Can You Eliminate Insects With Borax?

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When ants or cockroaches invade your home, you want a quick solution. Borax has been touted as a simple homemade solution for getting rid of unwanted insects, but can you actually eliminate insects with borax? Unfortunately, even though borax is a popular household staple, it's better used for cleaning than for getting rid of pests quickly.

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If you want to eliminate an ant or cockroach invasion in your home, use boric acid instead of borax for a homemade pesticide solution.

What's the Difference Between Borax and Boric Acid?

Borax and boric acid are often confused because they're both created from the chemical compound boron, but they're two different products. Borax, also called sodium tetraborate, is best used as a cleaning solution in laundry detergent or to remove stains. Borax is often touted as a natural cleaning solution. However, it's still toxic to humans and pets if ingested and can cause eye irritation, nausea, skin rash, and vomiting in some people if they inhale it or are exposed to it.

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On the flip side, boric acid is mainly used as a pesticide to kill ants, cockroaches, and most arthropods that groom themselves. It can also be used as an herbicide against molds and fungi. Boric acid is sold in liquid, powder, and tablet form. You can also find it in store-bought insect traps and repellents.

How Do You Use Boric Acid for Pest Control?

Boric acid works as a poison against ants and cockroaches when they ingest it or by scraping away at their exoskeletons when they come into contact with it. Often, boric acid will get stuck to pests when they walk across it, and they end up ingesting it when they clean themselves afterward. Homemade bait traps are also popular to attract ants and cockroaches to the boric acid.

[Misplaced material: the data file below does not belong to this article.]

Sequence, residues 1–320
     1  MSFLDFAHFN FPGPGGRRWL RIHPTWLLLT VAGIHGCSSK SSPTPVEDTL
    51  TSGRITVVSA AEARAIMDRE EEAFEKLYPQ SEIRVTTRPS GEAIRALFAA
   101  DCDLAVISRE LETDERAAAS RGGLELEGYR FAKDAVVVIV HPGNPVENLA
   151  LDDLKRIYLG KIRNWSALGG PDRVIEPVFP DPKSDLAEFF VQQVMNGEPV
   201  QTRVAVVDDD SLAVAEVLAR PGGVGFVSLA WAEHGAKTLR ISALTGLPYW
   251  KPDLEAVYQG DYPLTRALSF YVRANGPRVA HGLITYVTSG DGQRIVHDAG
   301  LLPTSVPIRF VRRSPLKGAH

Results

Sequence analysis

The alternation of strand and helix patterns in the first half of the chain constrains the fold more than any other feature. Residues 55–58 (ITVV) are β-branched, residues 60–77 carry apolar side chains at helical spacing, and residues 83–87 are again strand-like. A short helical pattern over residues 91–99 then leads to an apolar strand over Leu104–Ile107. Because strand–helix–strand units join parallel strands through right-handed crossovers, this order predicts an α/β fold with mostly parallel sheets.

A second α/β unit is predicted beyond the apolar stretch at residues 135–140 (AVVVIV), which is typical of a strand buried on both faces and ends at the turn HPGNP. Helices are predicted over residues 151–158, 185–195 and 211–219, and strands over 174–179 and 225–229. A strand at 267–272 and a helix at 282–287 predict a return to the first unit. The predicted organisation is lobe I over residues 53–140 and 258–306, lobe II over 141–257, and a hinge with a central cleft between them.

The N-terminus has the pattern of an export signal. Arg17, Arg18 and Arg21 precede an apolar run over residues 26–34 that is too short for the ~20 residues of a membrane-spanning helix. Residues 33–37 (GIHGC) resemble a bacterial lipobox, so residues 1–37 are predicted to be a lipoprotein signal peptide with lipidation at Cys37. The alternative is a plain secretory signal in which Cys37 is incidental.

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To attract ants, you can mix boric acid with sugar to create a trap and entice them to ingest it. Mix 1 teaspoon of boric acid and 3 tablespoons of white sugar in a 2-cup liquid measuring cup. Fill the measuring cup with warm water to the 1 3/4 line and stir the mixture together. Pour the mixture into small containers with a cotton ball and place it in spots with high ant activity in your home.

If you're looking for a quick solution, boric acid may not be your best bet since it will take a few days for results. To poison the unwanted invaders, it needs to build up in their system over a few days.

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How to Safely Handle Boric Acid

Though boric acid is a natural component with a low toxicity rate, it can still cause issues and be hazardous if mishandled or ingested. If you're using boric acid as a pesticide around your home, keep pets and children away from the area to avoid contact. Do not use boric acid near your pet's food and water dishes or near any surface where it may come into contact with food.

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For the best protection, make sure to wear gloves and safety glasses when handling boric acid. If a human or pet in your household ingests boric acid, call poison control at (800) 222-1222 for further guidance.

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